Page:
Conlon also showed determination, which is of primary importance. Here was a fighter who clearly wanted to put the world on notice. And as a potential money earner, Conlon certainly did just that. The man is bold, he’s Irish and he’s not without talent. That, as his friend McGregor could tell anyone, is catnip to contemporary American audiences. Still, Conlon certainly didn’t appear to be breathtakingly impressive in a professional fight. It’s a tall order to be breathtakingly impressive, though. Only a rarefied few can reek of greatness their first time out. And besides, time is on Conlon’s side – along with some big name support. Time, however, will also tell if the hype surrounding the man is legitimate.

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HBO PPV Preview: Golovkin vs. Jacobs, Chocolatito vs. Rungvisai


HBO PPV Preview: Golovkin vs. Jacobs, Chocolatito vs. Rungvisai
By: William Holmes

On Saturday night one of HBO’s biggest stars, Gennady Golovkin, will face off against one of the PBC’s biggest stars, Daniel Jacobs, in a WBA/WBC/IBF Middleweight Title Unification bout live on HBO Pay Per View.

This bout will take place at the legendary Madison Square Garden and will also feature a WBC Junior Bantamweight Title fight between Roman “Chocolatito” Gonzalez and Srisaket Sor Rungvisai.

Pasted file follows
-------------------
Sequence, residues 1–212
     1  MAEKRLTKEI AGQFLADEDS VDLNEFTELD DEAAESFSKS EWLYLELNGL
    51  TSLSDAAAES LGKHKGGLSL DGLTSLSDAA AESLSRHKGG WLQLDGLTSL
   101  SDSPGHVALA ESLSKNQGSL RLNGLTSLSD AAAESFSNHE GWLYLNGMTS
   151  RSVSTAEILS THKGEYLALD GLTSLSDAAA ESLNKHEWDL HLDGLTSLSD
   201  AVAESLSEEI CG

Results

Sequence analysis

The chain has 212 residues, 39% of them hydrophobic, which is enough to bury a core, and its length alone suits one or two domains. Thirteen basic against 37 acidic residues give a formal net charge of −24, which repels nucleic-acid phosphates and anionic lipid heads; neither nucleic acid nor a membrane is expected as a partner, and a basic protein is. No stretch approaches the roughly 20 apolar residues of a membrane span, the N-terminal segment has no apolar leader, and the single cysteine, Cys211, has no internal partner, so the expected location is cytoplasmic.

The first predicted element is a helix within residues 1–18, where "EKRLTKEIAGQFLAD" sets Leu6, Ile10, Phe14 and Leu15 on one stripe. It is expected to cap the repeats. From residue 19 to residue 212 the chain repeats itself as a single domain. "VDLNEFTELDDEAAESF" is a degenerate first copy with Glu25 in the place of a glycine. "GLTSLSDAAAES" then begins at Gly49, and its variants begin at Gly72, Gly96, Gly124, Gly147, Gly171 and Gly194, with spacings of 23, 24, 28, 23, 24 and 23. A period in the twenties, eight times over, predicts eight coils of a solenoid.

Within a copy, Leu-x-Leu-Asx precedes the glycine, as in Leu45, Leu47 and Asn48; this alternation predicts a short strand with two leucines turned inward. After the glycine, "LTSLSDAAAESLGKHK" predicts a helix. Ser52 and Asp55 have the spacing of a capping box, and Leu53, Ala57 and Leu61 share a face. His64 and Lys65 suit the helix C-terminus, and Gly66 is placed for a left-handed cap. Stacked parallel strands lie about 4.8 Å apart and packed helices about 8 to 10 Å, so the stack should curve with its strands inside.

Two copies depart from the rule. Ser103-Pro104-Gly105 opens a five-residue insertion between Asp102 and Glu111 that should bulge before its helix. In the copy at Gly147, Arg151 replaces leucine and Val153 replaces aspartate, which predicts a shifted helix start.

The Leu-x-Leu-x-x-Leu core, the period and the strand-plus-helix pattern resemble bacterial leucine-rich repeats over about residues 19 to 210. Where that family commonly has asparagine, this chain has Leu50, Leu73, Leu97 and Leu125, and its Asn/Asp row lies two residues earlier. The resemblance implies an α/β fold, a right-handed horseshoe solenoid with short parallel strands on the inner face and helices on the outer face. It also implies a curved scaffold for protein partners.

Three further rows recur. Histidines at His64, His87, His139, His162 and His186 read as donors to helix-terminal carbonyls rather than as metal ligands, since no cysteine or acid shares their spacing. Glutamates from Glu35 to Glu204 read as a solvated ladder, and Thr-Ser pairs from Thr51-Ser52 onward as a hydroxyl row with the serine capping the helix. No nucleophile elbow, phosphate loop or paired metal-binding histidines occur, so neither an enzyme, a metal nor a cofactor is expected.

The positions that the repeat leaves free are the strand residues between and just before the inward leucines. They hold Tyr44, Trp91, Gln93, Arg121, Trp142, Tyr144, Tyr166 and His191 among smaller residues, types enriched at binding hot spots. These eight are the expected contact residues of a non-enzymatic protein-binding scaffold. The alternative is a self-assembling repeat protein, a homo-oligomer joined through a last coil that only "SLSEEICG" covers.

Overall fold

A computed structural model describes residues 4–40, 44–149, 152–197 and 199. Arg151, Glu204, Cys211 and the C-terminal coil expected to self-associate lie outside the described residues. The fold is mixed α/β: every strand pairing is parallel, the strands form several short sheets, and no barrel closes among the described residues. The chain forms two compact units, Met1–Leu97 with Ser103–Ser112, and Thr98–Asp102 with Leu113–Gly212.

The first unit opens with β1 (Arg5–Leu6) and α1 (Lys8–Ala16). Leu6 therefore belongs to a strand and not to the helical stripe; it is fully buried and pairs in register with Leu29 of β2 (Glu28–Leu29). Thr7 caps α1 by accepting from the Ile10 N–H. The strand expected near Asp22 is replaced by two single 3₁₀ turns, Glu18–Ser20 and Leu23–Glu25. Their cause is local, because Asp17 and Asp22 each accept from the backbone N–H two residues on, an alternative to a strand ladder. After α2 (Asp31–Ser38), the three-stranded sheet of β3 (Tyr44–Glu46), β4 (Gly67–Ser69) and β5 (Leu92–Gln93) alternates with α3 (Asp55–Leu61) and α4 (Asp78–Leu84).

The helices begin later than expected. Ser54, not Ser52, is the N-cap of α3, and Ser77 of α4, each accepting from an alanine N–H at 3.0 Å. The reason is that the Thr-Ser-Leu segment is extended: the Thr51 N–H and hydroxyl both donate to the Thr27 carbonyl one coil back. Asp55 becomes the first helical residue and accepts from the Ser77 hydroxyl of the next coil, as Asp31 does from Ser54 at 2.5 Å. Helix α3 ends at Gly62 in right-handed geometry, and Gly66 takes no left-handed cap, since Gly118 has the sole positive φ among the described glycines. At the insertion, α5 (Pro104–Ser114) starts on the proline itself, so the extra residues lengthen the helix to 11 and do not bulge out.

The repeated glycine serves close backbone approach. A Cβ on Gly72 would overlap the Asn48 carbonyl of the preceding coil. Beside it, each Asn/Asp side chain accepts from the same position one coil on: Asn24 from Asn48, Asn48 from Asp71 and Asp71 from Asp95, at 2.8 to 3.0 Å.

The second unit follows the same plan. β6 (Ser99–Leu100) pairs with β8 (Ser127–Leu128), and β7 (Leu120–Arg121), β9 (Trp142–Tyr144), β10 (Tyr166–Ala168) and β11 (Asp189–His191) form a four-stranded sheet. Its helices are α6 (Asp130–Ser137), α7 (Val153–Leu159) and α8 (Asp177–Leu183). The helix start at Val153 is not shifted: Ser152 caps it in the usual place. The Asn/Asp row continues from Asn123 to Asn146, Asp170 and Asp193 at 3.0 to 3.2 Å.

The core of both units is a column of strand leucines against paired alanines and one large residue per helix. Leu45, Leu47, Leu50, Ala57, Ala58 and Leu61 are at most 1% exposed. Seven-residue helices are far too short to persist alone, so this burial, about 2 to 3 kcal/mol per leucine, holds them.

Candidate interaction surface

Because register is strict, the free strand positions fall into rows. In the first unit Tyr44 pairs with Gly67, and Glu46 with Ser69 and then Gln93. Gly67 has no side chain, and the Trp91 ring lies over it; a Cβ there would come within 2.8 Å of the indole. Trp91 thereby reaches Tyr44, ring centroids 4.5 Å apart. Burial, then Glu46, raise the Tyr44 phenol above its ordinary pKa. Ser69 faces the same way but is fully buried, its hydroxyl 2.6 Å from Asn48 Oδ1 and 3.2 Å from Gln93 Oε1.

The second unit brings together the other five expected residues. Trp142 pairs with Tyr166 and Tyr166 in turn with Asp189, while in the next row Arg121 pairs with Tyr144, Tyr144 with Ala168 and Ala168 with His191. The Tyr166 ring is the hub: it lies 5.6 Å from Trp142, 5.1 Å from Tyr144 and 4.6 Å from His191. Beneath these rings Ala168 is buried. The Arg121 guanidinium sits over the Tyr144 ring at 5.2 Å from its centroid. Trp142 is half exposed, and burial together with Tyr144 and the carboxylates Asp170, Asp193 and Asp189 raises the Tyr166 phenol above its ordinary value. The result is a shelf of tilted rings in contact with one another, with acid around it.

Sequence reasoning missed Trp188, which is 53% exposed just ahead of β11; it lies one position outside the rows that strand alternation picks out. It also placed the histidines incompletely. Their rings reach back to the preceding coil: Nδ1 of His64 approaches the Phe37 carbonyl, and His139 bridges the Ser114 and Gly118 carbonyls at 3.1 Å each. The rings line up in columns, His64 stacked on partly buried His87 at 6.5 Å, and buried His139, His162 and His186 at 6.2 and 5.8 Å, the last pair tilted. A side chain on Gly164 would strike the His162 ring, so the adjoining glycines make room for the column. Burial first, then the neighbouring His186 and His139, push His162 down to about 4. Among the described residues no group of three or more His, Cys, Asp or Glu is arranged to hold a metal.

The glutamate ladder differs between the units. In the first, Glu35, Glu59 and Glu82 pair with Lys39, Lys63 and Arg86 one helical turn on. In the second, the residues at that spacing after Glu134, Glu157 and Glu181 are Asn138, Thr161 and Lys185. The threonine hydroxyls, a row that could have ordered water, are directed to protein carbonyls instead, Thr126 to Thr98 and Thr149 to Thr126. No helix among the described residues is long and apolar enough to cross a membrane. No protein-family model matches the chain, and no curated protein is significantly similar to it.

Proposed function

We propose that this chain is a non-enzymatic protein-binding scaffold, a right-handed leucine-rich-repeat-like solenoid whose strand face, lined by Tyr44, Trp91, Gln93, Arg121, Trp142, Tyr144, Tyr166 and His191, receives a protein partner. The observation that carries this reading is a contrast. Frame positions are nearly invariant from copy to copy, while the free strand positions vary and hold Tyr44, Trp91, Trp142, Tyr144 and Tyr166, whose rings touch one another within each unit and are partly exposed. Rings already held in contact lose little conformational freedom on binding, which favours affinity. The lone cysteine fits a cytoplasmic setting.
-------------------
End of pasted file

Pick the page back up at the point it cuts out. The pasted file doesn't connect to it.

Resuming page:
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Photo Credit: Tom Hogan-Hoganphotos/K2 Promotions

The Golovkin vs. Jacobs fight is one of the biggest fights that could be made in the middleweight division and is pay per view worthy. The winner will put himself in good position to possibly face Golden Boy Promotions’ cash cow Canelo Alvarez in the fall.

The following is a preview of both world title bouts on the HBO PPV telecast on Saturday.

Roman “Chocolatito” Gonzalez (46-0) vs. Srisaket Sor Rungvisai (41-4-1); WBC Junior Bantamweight Title

Roman Gonzalez fought a close match with Carlos Cuadras the last time he stepped inside the ring and Cuadras fights on the undercard of Saturday’s PPV card. However, Gonzales has to get past Rungvisai before he can rematch Cuadras.

The undefeated Gonzalez has stopped thirty eight of his opponents and has never tasted defeated. Rungvisai has four losses but has stopped thirty eight of his opponents, including winning his past thirteen fights by stoppage.

Both boxers are roughly the same size at 5’3” and Gonzlaez has a very slight half an inch reach advantage. Rungvisai has been more active than Gonzalez and fought four times in 2016 and six times in 2015, while Gonzalez only fought twice in 2016 and three times in 2015.

Gonzalez won the light flyweight gold medal in the 2004 Central American Championships and turned pro at the age of 18. Rungvisai has no notable amateur background and a lot of his wins came against opponents with losing records.

Gonzalez is considered by many to be on e of the top pound for pound boxers in the world. He holds victories over Carlos Cuadras, Brian Viloria, Edgar Sosa, Akira Yaegashi, Juan Francisco Estrada, Omar Salado, and Rocky Fuentes.

Rungvisai has spent most of his career fighting in Asia, and three of his losses came in the first five fights in his career. His last loss was in 2014 to Carlos Cuadras. His other notable loss was to Akira Yaegashi. His notable victories pale in comparison to Gonzalez, but he has defeated the likes of Jose Salgado, Yota Sato, and Alvin Bais.